This was rejected for “Poor framing, cropping, and/or overall image composition” just as all the images except for #10 were. Again, personally, I like this shot. It has an interesting perspective, the name tag is in the lower left but just as ghostly presence, lots of contrasting colors. The only thing that bugs me is the appearance of the trees on the right but they do offer an interesting counterpoint. Not quite seeing the argument against I suppose unless it’s just so damn cliche.

#3

From Random Trip around Purdue – 02-20-2012

Really this one is a demonstration of texture. Nothing magical really but the color here is just off the scale. I could be argued that this is junk but on the surface it seems a reasonable example.

#4

From 6-30-2012 Oregon Day 2 – Crater Lake

OK, I accept that this one is probably in the “holiday snaps” category. You had to be there. But Crater Lake is just so COOL! *shrug* I accept this rejection.

#5

From St Louis, Missouri

Alright, well I don’t care what anyone says, I like this picture, though maybe it’s one of those “you had to be there” shots too.

#6

From 03-19-2011

I could see plenty of arguments against this one too, I suppose…

#7

From Douglas Michigan, 7-23-2011 **

A bit cliche too perhaps. Basically just another #2 honestly.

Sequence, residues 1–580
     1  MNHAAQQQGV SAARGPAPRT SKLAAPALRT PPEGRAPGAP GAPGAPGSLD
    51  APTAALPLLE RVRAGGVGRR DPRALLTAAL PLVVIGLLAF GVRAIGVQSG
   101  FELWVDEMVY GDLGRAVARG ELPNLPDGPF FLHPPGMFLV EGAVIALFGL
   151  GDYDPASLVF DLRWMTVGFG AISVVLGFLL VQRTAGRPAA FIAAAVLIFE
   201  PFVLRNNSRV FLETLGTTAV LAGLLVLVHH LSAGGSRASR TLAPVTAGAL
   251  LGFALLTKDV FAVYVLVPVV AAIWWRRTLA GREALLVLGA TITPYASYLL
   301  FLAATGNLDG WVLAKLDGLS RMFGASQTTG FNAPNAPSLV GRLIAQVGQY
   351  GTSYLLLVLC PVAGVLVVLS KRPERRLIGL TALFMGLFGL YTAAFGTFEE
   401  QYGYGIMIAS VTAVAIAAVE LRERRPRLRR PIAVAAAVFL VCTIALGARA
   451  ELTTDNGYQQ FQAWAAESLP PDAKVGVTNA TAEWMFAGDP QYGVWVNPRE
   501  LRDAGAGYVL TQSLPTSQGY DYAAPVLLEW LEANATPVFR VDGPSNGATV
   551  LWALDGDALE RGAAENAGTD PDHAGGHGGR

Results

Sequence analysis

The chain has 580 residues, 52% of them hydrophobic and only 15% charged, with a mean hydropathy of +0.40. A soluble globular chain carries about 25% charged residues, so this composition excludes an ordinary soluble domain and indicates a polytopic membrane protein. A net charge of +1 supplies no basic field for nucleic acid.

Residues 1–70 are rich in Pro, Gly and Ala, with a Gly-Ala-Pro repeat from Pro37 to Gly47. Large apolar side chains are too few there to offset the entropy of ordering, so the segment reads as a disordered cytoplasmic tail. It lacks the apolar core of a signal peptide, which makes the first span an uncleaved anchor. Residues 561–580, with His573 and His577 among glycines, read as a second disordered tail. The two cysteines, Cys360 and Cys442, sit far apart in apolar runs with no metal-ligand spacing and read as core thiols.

#8

From 2012-01-08

I like this shot too but perhaps it’s too hard to tell what exactly is going on?

#9

From 6-2-2012 Kickapoo Nature Preserve

I can understand if this is rejected as it is just terribly depressing but it still manages to move me. Probably because it is just so idiotically depressing to think about it.

#10

From 7-6-2012 Day 8 – Mt St Helens – Astoria

And this last was rejected due to poor focus. I’m not sure I see that but I allow that it’s possible. The tree bits in the foreground aren’t happy, looking at it in retrospect.

So there you have it in a nutshell. At the least it’s clear that I have no idea how to chose what will sell in the realm of stock photos. It would seem this needs some detailed analysis that I just haven’t done yet. I’m trying to do something artistic while they just want… marketing. Ah well.

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Trip Day 9 – Astoria Oregon and Cannon Beach

Day 9 finds us in Astoria, Oregon, the land of superbly long bridges that seem to stretch on forever.

From 7-7-2012 Day 9 – Astoria, Oregon – Cannon Beach
From 7-7-2012 Day 9 – Astoria, Oregon – Cannon Beach